Translator's Note: Lava and Sand
BY JACQUELYN POPE
There is a lot of loneliness in Dutch poetry, and an especially inconsolable kind is found in the poems of Hester Knibbe. Her poems often juxtapose notions of permanence with a knowledge of the inescapable fragility of human life. Her tone is offhand—direct, self-aware, with nothing of self-advertisement about it—and subject to shifts, breathlessness followed by deliberation, or the other way around. The "I" is almost elided, even as it is narrating. Knibbe's poems are suffused with the awareness that nothing is as it seems. Water and ice signify a certain uneasiness, even a foreboding. Children are likened to fish, they are the stuff of fairy tales, which like dreams upend reality in the most "normal" seeming ways. There is meaning, and menace, in the most ordinary actions. The slippery sense of reality in her poems draws me to them again and again.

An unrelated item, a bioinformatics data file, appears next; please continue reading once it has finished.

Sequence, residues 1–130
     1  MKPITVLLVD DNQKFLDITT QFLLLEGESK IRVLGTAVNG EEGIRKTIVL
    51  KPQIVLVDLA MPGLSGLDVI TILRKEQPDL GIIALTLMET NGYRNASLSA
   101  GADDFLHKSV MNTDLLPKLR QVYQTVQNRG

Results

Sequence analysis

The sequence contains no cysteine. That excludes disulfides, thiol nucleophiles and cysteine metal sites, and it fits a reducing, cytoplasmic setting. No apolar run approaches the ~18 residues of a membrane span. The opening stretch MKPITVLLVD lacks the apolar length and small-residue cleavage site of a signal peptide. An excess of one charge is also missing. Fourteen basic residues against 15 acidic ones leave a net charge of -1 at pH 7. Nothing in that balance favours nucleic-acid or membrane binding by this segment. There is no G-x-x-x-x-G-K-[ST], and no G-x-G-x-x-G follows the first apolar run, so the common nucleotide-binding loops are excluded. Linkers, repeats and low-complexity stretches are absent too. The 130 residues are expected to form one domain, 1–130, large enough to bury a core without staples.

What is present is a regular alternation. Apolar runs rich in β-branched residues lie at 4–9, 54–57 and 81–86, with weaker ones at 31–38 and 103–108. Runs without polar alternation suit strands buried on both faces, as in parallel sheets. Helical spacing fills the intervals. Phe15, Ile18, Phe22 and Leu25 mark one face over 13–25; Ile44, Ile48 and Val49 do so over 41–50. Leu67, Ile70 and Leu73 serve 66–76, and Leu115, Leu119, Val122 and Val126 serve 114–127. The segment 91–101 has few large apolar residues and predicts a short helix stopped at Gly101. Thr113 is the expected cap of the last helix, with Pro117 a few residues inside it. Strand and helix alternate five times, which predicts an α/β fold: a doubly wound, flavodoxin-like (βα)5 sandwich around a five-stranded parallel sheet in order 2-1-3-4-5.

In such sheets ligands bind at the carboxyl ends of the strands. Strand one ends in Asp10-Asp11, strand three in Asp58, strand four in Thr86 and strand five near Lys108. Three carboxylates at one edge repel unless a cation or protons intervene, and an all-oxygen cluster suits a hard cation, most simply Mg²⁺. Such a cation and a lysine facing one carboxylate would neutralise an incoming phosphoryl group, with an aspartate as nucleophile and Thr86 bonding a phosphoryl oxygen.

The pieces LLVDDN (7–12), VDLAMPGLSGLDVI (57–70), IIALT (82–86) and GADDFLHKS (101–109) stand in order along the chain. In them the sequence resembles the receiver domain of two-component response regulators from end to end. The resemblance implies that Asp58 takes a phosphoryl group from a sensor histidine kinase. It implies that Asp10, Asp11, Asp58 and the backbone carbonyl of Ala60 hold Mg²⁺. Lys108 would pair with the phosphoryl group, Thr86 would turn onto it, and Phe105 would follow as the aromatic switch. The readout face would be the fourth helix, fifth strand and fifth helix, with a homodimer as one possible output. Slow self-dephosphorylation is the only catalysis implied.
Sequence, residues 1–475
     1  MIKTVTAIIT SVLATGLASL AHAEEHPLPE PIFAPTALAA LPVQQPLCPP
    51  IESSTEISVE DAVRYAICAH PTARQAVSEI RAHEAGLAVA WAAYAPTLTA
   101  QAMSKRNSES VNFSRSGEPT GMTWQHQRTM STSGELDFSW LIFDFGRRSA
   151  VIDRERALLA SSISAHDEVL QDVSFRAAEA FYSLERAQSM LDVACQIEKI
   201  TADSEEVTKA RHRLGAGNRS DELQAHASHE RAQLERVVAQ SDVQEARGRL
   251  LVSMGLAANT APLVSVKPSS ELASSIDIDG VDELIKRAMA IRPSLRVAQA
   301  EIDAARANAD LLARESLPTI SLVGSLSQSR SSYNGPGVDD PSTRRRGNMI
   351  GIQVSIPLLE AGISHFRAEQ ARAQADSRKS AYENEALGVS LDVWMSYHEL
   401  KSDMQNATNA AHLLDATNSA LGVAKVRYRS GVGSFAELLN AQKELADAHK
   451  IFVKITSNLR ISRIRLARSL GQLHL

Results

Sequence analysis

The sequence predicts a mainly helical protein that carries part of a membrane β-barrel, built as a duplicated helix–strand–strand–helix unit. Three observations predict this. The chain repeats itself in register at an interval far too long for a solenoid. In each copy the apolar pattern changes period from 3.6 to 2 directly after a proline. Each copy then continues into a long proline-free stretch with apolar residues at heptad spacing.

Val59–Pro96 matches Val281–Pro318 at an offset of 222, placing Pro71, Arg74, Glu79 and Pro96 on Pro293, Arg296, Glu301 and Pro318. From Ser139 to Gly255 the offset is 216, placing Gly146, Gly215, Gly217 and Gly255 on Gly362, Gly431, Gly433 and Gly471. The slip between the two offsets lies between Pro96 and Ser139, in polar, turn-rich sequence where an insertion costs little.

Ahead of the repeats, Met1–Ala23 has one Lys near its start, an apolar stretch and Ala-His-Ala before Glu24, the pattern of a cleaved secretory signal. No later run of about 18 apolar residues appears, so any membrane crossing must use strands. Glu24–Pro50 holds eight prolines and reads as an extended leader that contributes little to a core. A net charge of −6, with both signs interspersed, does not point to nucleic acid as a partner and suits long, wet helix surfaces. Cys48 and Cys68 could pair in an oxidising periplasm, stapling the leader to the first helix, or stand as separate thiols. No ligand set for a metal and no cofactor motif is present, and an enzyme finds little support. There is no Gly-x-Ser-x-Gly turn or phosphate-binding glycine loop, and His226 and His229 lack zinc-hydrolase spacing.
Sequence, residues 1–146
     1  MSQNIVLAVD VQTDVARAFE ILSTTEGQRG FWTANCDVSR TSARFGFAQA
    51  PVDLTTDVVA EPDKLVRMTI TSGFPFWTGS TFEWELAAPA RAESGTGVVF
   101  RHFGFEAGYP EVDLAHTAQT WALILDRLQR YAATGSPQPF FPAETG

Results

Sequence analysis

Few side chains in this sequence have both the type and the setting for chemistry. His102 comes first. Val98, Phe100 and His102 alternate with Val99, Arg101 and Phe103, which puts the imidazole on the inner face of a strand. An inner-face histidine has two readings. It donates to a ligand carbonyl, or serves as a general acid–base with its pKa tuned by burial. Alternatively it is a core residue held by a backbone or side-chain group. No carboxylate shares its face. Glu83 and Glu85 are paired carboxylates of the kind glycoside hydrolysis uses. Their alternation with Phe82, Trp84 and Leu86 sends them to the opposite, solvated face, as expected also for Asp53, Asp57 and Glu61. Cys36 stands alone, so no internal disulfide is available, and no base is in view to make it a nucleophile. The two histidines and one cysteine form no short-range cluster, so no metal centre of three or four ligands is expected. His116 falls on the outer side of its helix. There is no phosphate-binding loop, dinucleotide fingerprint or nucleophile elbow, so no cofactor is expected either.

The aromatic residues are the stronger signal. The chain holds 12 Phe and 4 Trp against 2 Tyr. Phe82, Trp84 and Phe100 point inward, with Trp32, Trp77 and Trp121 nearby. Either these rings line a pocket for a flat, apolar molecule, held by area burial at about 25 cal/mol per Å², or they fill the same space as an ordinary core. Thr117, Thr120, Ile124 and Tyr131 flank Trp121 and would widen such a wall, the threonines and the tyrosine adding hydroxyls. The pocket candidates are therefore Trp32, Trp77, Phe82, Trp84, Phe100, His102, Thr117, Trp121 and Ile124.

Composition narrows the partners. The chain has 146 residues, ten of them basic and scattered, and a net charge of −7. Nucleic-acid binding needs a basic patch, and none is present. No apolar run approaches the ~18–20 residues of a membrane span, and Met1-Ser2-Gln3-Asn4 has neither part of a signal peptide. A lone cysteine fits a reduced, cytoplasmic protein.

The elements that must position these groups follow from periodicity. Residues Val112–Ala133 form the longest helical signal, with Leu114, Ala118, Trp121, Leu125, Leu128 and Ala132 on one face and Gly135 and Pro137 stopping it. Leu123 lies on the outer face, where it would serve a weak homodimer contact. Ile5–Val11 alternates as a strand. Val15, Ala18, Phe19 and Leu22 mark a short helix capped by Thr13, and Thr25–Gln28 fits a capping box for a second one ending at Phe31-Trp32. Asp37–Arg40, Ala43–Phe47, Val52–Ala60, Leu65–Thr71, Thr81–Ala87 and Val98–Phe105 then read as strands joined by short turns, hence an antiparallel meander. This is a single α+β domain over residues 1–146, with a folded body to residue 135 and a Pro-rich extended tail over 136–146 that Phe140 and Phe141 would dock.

Contemporary Dutch poetry is not all that different from contemporary Anglophone verse—the language is usually straightforward and informal—but the Dutch language, despite its linguistic ties to English, is an entirely different beast. Its tremendous compression, so accentuated in the best poems, is usually the greatest difficulty I encounter. Even casual speech can sound weedy and diffuse when rendered into English. And there is a certain cultural austerity reflected in Dutch verse—I find this appealing, but I realize it could easily sound dour or threadbare to the American reader, since our cultural norms are so different. I try to bring the echoes of the original into the translation, since the sense in sound is so important. Inevitably, certain things are lost: in Dutch, the body (lijf) is just one letter away from its corpse (lijk), but this unsettling echo can't be brought over into the English. Luckily, there is enough linguistic congruence between the two languages that some sounds, and their insinuations, can be preserved ( glas / gras—glass / grass is one simple example from the poems here). In translation there's always that balancing act of stepping gradually away from the poem, working increasingly with a newly created version, a kind of in-between life form, while trying to preserve the image of the original. Each part of that process can be both deeply frustrating and tremendously intriguing, and to me there is no better way to appreciate the amazing plasticity of language.—JP